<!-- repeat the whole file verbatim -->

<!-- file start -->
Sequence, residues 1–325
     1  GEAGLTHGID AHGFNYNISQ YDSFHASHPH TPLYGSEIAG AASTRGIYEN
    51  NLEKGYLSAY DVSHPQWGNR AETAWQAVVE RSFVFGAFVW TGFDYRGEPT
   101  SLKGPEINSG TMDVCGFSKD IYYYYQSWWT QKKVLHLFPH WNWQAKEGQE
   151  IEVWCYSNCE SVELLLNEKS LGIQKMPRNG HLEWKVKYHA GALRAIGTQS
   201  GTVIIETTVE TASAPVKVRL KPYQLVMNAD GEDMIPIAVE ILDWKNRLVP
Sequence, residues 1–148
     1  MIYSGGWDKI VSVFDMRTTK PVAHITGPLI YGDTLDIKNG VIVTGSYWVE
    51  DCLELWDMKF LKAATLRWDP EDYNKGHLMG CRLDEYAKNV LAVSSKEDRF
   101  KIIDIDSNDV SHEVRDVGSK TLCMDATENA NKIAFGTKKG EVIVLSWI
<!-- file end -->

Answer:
Sequence, residues 1–325
     1  GEAGLTHGID AHGFNYNISQ YDSFHASHPH TPLYGSEIAG AASTRGIYEN
    51  NLEKGYLSAY DVSHPQWGNR AETAWQAVVE RSFVFGAFVW TGFDYRGEPT
   101  SLKGPEINSG TMDVCGFSKD IYYYYQSWWT QKKVLHLFPH WNWQAKEGQE
   151  IEVWCYSNCE SVELLLNEKS LGIQKMPRNG HLEWKVKYHA GALRAIGTQS
   201  GTVIIETTVE TASAPVKVRL KPYQLVMNAD GEDMIPIAVE ILDWKNRLVP
Sequence, residues 1–148
     1  MIYSGGWDKI VSVFDMRTTK PVAHITGPLI YGDTLDIKNG VIVTGSYWVE
    51  DCLELWDMKF LKAATLRWDP EDYNKGHLMG CRLDEYAKNV LAVSSKEDRF
   101  KIIDIDSNDV SHEVRDVGSK TLCMDATENA NKIAFGTKKG EVIVLSWI